A German court has sentenced a former Nazi concentration camp typist dubbed as the “Secretary of Evil” for her role in more than 10,000 murders during the Holocaust.
BBC reported that Irmgard Furchner, age 97, was found guilty on Tuesday of participation in the murders of 10,505 individuals at the Stutthof detention camp outside Gdansk, Poland, where she worked as a typewriter and stenographer from 1943 to 1945.
Furchner, who was tried as a juvenile because she was under 21 when she worked at the camp, was given a two-year prison sentence with two years suspended.
Judge Dominik Gross of the Itzehoe Regional Court in northern Germany decided that Furchner was aware of the camp’s deadly aims, despite her attorneys’ repeated denials.
Furchner broke her silence on her stay at Stutthof earlier this month, following several months of court procedures that were previously delayed by her escape attempt in September 2021.
“I apologize for everything that occurred,” she told the court while wearing a mask and sunglasses. “I regret being at Stuthof during that time.”
In 1939, Stutthof, the first Nazi camp constructed outside of Germany, opened. According to the United States Holocaust Memorial Museum, the majority of detainees were non-Jewish Poles, while many thousand Jews from Warsaw and Bialystok were also incarcerated.
Prior to its liberation by the Allies on May 9, 1945, more than 60,000 individuals perished at the camp.
During her time as a secretary, Furchner worked closely with Stutthof’s commandant, Paul-Werner Hoppe, who was imprisoned in the late 1950s as an accomplice to murder. Previously, historian Stefan Hordler testified that Hoppe’s office was the “nerve core” of the concentration camp’s atrocities.
During the hearings, Hordler and two judges visited Stutthof twice, and it became evident that Furchner would have witnessed the appalling conditions from the commandant’s office.
The official conclusions were supported by the testimonies of Stutthof survivors, who are now in their eighties and nineties.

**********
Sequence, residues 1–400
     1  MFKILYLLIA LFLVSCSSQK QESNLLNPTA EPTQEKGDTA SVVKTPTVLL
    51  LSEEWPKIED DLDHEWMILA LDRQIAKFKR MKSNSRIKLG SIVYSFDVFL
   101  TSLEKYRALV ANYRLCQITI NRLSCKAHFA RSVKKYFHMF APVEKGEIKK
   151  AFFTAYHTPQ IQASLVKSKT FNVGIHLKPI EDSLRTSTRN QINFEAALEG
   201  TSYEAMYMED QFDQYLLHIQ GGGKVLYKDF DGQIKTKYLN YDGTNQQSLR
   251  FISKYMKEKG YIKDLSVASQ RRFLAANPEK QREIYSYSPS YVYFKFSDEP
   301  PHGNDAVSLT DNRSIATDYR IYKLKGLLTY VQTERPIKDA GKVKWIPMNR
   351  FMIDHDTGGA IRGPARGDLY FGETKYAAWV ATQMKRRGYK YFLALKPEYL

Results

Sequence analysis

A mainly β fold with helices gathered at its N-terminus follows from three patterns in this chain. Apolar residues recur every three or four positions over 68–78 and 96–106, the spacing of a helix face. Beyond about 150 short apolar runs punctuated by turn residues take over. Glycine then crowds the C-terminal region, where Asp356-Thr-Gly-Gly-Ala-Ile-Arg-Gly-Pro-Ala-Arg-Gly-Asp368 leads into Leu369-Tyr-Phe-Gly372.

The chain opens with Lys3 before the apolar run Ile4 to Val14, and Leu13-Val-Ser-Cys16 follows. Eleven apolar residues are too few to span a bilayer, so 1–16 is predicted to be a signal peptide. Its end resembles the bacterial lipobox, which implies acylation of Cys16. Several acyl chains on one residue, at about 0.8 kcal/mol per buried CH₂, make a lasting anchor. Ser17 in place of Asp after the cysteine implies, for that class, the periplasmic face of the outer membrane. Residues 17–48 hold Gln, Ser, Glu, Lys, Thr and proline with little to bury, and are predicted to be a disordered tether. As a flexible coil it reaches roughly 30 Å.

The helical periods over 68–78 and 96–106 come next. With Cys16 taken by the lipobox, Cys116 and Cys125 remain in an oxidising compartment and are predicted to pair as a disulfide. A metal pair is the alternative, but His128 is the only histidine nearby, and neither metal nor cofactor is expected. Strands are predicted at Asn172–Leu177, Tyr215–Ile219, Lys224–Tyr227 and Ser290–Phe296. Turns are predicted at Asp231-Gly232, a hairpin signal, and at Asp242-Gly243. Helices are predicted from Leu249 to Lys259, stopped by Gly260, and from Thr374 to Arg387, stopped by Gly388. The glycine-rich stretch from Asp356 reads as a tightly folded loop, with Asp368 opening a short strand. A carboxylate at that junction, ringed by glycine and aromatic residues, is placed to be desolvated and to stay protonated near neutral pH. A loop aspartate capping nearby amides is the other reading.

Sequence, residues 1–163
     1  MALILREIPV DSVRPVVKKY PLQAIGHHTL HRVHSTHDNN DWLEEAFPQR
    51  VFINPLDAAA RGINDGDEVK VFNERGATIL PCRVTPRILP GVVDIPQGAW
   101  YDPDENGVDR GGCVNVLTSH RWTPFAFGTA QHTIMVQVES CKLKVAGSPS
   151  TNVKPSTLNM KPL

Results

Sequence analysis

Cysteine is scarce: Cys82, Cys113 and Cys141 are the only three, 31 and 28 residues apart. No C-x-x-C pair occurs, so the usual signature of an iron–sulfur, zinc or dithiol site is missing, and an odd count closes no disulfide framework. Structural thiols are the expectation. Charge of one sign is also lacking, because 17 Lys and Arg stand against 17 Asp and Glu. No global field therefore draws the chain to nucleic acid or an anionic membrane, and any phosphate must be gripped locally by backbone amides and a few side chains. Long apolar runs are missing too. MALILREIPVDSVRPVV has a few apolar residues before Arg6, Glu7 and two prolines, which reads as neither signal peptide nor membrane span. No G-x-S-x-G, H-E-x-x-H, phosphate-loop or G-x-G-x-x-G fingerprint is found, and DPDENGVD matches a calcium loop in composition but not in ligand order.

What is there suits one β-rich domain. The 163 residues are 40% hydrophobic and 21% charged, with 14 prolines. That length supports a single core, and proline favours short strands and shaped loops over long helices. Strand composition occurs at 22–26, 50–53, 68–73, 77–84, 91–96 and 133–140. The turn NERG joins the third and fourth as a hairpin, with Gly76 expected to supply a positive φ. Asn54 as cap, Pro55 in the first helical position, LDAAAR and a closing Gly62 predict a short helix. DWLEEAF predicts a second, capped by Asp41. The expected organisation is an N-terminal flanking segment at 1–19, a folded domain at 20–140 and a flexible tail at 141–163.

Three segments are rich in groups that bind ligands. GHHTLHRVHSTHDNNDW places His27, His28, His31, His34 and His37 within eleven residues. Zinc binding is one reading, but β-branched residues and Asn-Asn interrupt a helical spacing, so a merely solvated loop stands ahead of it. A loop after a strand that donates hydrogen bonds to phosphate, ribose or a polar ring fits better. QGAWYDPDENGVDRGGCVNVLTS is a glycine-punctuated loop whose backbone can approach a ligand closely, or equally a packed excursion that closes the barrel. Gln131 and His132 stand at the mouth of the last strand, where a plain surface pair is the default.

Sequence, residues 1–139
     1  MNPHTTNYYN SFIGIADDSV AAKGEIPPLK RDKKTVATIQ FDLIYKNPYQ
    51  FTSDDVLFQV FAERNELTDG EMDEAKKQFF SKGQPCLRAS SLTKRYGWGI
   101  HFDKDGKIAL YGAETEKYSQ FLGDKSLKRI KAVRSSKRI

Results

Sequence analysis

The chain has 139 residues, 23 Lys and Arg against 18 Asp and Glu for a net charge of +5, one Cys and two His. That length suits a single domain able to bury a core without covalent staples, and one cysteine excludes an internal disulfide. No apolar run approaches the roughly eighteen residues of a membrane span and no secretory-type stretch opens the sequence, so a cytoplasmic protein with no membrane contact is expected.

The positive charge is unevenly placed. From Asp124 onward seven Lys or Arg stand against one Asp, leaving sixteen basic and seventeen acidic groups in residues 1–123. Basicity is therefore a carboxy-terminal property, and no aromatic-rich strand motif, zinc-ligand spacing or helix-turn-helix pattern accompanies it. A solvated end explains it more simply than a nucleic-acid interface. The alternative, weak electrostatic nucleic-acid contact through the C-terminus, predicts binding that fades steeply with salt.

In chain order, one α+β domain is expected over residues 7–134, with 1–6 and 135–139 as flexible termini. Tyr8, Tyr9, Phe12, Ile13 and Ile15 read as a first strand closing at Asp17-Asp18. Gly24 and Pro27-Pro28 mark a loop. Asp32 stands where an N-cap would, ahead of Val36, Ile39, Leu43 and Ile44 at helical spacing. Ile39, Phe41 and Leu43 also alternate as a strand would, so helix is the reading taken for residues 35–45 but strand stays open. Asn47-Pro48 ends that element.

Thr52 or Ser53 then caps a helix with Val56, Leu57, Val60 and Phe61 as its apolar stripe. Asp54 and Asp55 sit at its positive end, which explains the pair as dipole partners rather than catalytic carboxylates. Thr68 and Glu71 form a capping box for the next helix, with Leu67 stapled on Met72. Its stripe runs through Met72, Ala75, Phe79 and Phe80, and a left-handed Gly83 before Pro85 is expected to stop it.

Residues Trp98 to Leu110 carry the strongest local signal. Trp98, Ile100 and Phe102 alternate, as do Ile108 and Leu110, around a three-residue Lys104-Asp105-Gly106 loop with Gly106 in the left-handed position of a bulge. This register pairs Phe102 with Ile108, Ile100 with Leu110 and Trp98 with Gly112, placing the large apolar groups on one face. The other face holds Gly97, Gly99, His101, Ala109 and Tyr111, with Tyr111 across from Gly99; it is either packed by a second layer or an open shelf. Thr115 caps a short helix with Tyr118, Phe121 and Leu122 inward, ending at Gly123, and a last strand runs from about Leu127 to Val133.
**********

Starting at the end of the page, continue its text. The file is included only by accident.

Risa Silbert, 93, told the court in August, “If she served as the commander’s secretary, she understood exactly what happened”
In addition, 84-year-old Josef Salmonovic, whose father was murdered in Stutthof, traveled from Vienna to testify. In December of last year, he informed reporters that Furchner was “indirectly responsible.”
He stated, “[She is guilty] even if she simply sat in the office and stamped my father’s death certificate.”
Manfred Goldberg, a survivor, noted that the two-year suspended sentence sounded like a lenient punishment after Tuesday’s decision.
“No sane person would imprison a 97-year-old, but the sentence should match the gravity of the offenses,” he told BBC.
“If a shoplifter receives a two-year term, how can someone guilty of participation in 10,000 killings receive the same punishment?”
The judge stated in his presentation to the court that Furchner’s trial would be “one of the last criminal cases globally relating to Nazi-era crimes.”
Furchner’s conviction is the latest in a string of similar cases that have made their way through German courts in recent years. It comes at a particularly tense time, as anti-Semitic violence and hatred are on the rise in the United States.
The entryway to Walt Whitman High School in Bethesda, Maryland was defaced with the words “Jews not wanted” last week. A Jewish guy was also assaulted and called anti-Semitic slurs by an anonymous assailant shouting “Kanye [West] 2024” in Central Park. This fall, the rapper grabbed headlines for a series of anti-Jewish diatribes.